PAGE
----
Children Need to Know the Value of the Gospel

How do you teach children the value of the gospel?

You show them.

In two days I leave for Serbia. I’m traveling to speak at a worship festival and spend time building relationships at a mental institution, with the staff and residents. I’m going because God has called me. Because in my bones I believe God has graciously whispered his plan to adopt the Serbian people as his own into my heart, and he’s asked me to join in.


But leaving my family is hard. Especially considering the challenging month we’ve just had.

How do I leave for 11 days when we’ve just moved into a new house and the summer is waning?  I can leave because I know they will be in the the capable hands of family and a loving church community. I can leave because my goal as a parent is to raise children who one day strike out on mission for the cause of the gospel themselves. 

I value the gospel, making disciples, including making my children disciples. The best way I know how to do that is by example.

I’ve had amazing conversations with my kids about the children and adults living, forgotten, in mental institutions in Eastern Europe. It’s a sacrifice for them to let me go, but one they understand is important. They have security, a family, knowledge of God; they’re learning to be willing to share that with others.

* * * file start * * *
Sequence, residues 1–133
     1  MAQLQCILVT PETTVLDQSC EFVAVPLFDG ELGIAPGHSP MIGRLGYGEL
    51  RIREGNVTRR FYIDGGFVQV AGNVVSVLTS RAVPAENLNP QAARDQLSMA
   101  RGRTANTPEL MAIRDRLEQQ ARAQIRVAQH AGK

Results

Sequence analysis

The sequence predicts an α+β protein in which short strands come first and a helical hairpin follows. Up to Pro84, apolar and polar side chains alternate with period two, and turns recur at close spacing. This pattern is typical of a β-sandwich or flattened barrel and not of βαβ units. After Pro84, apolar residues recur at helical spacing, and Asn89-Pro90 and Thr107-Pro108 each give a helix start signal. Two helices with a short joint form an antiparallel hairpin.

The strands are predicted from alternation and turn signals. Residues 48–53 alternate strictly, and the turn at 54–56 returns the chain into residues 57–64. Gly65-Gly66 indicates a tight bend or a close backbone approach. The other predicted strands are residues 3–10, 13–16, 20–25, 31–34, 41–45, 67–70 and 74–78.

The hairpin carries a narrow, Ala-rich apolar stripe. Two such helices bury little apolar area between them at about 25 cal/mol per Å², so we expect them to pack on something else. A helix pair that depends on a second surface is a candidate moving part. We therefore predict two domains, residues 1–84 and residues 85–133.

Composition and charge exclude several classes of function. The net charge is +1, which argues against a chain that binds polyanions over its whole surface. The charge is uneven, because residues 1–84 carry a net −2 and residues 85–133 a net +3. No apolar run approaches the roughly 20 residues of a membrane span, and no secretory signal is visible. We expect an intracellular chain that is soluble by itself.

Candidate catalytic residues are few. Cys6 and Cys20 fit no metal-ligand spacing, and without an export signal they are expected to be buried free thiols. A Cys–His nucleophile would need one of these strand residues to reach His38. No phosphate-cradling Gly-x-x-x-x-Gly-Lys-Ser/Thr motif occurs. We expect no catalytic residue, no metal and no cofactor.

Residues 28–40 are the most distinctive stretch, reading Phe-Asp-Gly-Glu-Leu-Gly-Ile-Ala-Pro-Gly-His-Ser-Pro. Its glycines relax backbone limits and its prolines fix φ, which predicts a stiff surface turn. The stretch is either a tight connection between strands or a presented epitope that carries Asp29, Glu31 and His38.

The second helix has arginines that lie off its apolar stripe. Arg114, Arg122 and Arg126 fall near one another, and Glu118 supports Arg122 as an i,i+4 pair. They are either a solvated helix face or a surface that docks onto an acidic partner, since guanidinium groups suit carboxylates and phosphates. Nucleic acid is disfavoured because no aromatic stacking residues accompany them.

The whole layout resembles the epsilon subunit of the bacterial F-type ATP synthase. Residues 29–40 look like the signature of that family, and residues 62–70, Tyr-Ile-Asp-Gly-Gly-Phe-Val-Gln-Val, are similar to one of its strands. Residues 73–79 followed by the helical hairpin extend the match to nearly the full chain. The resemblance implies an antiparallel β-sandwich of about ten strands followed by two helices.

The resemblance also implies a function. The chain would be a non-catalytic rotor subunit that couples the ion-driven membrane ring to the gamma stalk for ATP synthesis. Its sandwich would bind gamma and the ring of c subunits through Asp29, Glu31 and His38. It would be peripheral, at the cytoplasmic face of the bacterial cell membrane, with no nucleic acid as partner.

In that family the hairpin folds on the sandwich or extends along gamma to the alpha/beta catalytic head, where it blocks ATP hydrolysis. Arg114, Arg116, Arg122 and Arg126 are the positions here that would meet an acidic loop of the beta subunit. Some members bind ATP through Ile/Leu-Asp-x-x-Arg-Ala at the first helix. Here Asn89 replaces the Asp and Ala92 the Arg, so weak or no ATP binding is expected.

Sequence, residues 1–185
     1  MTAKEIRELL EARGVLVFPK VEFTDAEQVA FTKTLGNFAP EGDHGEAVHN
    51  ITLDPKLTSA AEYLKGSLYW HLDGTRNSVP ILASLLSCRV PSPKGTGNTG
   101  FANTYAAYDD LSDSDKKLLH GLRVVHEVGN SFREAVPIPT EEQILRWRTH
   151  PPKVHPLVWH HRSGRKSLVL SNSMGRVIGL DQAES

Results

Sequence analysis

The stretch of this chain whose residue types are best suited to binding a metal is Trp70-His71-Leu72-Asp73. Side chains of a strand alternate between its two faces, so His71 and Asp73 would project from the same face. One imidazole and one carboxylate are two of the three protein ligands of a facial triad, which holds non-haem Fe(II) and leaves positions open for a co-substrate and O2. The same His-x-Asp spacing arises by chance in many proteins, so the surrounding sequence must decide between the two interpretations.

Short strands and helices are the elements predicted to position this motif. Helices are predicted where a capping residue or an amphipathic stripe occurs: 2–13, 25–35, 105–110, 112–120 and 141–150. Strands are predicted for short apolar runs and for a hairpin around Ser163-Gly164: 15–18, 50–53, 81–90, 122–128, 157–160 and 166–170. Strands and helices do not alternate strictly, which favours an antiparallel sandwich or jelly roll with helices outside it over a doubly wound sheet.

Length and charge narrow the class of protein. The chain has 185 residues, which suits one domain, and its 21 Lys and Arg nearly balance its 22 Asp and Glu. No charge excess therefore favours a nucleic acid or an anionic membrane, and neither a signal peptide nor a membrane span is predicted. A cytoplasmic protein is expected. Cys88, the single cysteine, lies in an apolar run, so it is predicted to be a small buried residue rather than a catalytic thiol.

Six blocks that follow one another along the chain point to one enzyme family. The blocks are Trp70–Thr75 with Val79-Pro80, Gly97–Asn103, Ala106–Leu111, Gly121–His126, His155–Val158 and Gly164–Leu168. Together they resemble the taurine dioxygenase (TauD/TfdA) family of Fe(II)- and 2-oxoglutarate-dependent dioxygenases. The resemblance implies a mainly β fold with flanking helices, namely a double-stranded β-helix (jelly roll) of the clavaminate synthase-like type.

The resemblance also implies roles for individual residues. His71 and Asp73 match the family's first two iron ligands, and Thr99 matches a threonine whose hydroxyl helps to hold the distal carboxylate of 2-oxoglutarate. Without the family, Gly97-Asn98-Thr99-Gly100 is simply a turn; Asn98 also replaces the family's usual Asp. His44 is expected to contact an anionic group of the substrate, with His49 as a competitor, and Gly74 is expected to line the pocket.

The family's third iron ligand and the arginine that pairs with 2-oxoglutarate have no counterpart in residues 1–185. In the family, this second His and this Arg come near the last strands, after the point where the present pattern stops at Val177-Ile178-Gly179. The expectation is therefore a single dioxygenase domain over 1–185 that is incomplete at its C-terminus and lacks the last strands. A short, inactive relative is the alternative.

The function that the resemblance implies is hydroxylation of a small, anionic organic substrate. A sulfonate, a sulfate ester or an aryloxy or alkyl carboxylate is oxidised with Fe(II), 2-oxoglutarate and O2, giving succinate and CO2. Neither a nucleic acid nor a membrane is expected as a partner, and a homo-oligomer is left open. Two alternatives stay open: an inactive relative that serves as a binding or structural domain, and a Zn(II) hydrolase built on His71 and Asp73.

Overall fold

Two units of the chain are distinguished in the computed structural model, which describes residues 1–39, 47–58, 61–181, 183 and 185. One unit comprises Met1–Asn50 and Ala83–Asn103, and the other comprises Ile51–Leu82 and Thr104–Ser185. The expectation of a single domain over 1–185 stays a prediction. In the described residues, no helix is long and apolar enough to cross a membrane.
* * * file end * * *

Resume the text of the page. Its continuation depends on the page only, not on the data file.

A couple of nights ago at bedtime I thanked them for making a sacrifice for Jesus in letting me go to Serbia. They’ve contributed to the spread of the gospel as well.  It’s hard for naturally selfish little hearts to learn how to be sacrificial. I’m proud of them.

I hope in the fall at school when my son needs to speak up for what’s true that he will recognize the gospel is worth taking a risk for.

Both of my children have asked to go to Serbia with me. In the future I very much hope we will be able to go as a family. I want them to see children without families living rejected by society because of their disabilities, and learn that mercy has feet. I want them to see the church far flung across the globe among other nations, humbly learning their place in God’s kingdom.

I can tell my children these things, but I’d rather show them. Action puts meat on my words. So, even though it’s hard to leave my family and new home, it’s also a privilege. The gospel isn’t the gospel unless it compels. Whether it’s across the street to a neighbor or around the world, the gospel moves us forward.

I’ve been touched to see beautiful stories of families living in motion, serving the poor, loving their neighbors, sharing Jesus! How do you model valuing the gospel to your children and invite them to join you?


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